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Egypt has announced STATES - ISRAEL: the peace conference in that it will participate of the Egyptianbreakdown the in Geneva, despite 101. Kilometer at talks Israeli disengagement In a government policy speech on 8 December, Egyptian Deputy Prime Minister Hatim outlined three "principles" to which Cairo will adhere during the talks: --Egypt will not permit the conference to be used as a means for procrastination on the, implementation of international resolutions,
nor will it permit the conference to degener-

CARAB

ate into the deadlock that existed before-6 October; --Egypt will reject any attempt to discuss two basic tenets of its policy--Israeli withdrawal from the Arab territories, and restoration of the rights of the Palestinian people; -- Egypt believes that participation in the conference by the Palestinians will be a firm expression by the international community of their legal existence and a clear recognition of their rights. To the extent that Hatim portrayed as nonnegotiable those subjects that in reality will involve considerable negotiating, his speech was tough and determined. His statement contained sufficient ambiguity to leave Cairo's options open, however, and it contained none of the shrill, even threatening, tone that the Egyptian press has adopted during the past few days. Hatim devoted most of his address to domestic He touched on government plans for virconcerns. tually every sector of the economy, including those for "economic openness" and "flexibility" that had been emphasized prior to the October war. Those plans were designed to move Egypt away from its

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(socialist, Nasirist economic policies. Hatim's detailed treatment of domestic affairs appears largely an attempt to convince the Egyptian people that their economic grievances will not be forgotten as the government enters into a period of protracted peace negotiations. Moscow will find little comfort in Hatim's remarks. The Soviets received only one sentence of gratitude for their military, political, and economic aid, and they will undoubtedly be disconcerted by the reiteration of Egypt's desire for "economic openness." That policy in the past drew strong criticism from the Soviet media because of its antiSoviet, antisocialist implications.
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Minor cease-fire violations continued on the Egyptian front over the weekend. Ten Israeli soldiers were reportedly wounded in the most serious of several small-arms and artillery exchanges in the Ismailia area.

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In Tel Aviv, a military spokesman announced on 8 December that 2,412 Israeli soldiers are believed to have been killed in the October war. A month ago, the number of dead had been put at 1,854.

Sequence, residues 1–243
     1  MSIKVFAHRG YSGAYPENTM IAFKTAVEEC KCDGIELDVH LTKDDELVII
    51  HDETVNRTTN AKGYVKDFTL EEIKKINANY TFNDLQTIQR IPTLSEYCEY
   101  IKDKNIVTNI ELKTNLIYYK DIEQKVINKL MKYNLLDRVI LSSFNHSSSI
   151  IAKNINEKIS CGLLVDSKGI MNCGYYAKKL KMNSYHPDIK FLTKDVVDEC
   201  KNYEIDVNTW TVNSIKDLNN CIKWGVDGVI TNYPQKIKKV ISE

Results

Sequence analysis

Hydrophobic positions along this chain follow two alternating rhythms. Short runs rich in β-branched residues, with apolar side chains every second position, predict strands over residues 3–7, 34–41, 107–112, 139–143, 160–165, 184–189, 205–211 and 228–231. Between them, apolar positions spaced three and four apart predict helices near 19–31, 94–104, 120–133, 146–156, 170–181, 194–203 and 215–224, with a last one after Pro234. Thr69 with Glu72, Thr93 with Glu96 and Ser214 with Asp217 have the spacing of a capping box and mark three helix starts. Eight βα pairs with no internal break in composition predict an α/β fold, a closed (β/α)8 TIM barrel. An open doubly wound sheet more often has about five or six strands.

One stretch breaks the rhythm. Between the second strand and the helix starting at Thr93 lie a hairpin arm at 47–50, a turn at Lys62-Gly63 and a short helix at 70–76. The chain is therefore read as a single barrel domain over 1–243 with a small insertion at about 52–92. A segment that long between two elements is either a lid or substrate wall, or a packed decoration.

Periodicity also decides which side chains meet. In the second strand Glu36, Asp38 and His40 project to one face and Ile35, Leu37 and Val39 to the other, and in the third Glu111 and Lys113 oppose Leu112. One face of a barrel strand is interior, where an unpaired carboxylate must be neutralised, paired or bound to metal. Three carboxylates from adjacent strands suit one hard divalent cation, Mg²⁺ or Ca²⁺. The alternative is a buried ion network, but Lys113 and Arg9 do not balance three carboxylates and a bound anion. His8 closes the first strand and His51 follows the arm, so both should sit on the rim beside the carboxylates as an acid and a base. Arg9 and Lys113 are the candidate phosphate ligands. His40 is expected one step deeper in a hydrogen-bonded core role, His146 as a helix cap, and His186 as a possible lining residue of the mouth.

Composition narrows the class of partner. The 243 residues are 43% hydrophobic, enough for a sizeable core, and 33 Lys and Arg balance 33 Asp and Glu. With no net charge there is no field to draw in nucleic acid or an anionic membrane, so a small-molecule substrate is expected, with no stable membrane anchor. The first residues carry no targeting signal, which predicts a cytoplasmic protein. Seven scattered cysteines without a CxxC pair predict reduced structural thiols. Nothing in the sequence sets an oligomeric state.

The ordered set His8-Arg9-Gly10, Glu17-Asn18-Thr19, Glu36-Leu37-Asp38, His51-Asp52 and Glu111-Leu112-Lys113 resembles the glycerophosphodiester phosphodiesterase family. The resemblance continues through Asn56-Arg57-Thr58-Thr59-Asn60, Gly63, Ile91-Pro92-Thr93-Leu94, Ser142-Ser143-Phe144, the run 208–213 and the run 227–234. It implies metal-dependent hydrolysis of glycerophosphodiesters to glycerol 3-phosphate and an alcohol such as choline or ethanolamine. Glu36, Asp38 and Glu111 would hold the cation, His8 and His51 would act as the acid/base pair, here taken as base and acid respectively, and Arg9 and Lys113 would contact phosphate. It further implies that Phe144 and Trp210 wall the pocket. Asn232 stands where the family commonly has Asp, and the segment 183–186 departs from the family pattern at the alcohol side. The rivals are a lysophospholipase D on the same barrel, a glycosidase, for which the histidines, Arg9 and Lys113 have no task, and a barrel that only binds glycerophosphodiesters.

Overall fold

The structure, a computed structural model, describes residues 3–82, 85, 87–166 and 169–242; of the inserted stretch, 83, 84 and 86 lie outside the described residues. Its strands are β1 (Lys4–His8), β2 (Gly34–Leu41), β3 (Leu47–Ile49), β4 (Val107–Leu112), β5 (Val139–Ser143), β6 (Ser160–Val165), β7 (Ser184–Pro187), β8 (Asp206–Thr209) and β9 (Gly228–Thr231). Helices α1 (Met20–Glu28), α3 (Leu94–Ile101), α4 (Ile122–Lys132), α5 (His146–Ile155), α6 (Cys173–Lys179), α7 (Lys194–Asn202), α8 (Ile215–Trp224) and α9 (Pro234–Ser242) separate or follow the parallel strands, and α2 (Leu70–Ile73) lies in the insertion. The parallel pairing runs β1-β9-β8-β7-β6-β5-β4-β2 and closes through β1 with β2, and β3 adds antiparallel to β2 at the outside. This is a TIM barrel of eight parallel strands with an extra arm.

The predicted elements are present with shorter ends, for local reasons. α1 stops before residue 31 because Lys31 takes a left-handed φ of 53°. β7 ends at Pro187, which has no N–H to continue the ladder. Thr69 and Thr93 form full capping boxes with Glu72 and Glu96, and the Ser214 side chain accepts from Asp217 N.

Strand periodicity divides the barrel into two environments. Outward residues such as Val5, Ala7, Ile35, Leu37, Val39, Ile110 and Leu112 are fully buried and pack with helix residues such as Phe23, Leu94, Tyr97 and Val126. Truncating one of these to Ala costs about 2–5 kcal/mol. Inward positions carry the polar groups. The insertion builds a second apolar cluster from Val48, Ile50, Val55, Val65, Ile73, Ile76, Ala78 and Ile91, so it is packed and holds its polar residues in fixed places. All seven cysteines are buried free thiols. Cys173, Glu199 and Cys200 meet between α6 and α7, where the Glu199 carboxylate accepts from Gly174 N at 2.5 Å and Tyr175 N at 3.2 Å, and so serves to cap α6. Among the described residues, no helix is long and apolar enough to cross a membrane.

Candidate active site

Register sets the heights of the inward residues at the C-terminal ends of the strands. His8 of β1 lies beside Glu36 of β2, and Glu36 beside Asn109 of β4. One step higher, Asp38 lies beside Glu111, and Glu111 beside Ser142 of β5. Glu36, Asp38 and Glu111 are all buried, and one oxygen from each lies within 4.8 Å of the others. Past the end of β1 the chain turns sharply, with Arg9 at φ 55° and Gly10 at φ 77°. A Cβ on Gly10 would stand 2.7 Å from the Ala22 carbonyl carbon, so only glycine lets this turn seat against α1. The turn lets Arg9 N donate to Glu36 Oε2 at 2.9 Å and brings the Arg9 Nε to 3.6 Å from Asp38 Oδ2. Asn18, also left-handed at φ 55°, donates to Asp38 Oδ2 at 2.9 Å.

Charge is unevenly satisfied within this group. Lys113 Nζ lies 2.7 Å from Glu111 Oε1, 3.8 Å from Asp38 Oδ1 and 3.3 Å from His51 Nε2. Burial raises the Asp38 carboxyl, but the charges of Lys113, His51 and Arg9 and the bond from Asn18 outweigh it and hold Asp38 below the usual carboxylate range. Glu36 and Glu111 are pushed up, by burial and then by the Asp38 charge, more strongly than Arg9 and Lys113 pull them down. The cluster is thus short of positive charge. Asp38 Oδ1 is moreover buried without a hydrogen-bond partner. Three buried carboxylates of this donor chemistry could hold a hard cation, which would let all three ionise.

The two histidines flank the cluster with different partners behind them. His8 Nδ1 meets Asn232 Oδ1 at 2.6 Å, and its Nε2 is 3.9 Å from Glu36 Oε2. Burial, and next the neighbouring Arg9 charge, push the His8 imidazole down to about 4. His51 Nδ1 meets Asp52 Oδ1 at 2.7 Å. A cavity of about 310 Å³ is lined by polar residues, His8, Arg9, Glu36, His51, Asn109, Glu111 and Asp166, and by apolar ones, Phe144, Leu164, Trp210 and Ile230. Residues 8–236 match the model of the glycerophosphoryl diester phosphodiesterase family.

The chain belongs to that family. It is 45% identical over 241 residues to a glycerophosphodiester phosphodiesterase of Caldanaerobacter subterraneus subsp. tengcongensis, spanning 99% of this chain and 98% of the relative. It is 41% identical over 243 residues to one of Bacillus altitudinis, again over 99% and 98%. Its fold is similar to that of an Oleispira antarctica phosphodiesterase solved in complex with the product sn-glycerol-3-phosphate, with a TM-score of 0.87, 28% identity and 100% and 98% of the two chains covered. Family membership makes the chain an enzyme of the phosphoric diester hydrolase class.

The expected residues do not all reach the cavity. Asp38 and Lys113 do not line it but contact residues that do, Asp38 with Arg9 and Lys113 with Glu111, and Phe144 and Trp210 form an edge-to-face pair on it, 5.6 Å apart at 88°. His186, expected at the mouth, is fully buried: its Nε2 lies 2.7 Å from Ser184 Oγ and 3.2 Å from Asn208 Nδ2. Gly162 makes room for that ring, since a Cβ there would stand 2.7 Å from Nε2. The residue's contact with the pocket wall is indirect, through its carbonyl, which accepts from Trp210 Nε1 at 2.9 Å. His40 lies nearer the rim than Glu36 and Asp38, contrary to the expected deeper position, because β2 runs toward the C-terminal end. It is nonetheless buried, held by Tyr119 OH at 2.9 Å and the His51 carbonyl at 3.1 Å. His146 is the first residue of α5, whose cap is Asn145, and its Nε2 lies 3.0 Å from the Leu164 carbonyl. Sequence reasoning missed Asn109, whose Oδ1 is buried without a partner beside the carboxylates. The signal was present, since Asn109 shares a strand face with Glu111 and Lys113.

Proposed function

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The Cairo newspaper Al Ahram has criticized
the revised election platform of the Israeli Labor Party, charging that it does not include "the minimum conditions" necessary for a move toward peace. The newspaper specifically pointed to the party's

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of refusing to withdraw to the pre-1967 . borders as further evidence--in addition to Tel Aviv's stalling at the talks at Kilometer 101-that Israel.does.not seek an acceptable political solution to the crisis.

Jordan and the.Palestinians are engaged in a
verbal sparring match over the question of Pales-

tinian representation at the Geneva peace conference.
The Palestine News Agency reported on 8 December that fedayeen leaders have rejected a Jordanian initiative for a joint delegation to the talks.

The report claimed that Jordan offered to form a
new government that could include officials selected by the Palestinians;. the new government would in turn appoint the Jordanian delegation to the conference, which could include a representative of the Palestine Liberation Organization. According to the Palestinians, "the Revolution's leadership refused..even to discuss the offer." According to an official Jordanian spokesman, no such offer of reconciliation was made. Ministers of the Organization of Arab Petroleum Exporting Countries, meeting in Kuwait over the weekend, decided to resume in January their five-percent-monthly cuts in oil production. The January cuts reportedly will include Japan and those European states that were exempted in December for their pro-Arab diplomatic moves. The ministers agreed that the Arab producers will begin gradually to increase their oil production to the level of September 1973 only when Israel begins to implement a timetable for withdrawal from the occupied Arab territories. The rate of production increases would correspond to phases in the Israeli withdrawal, which must be guaranteed by the

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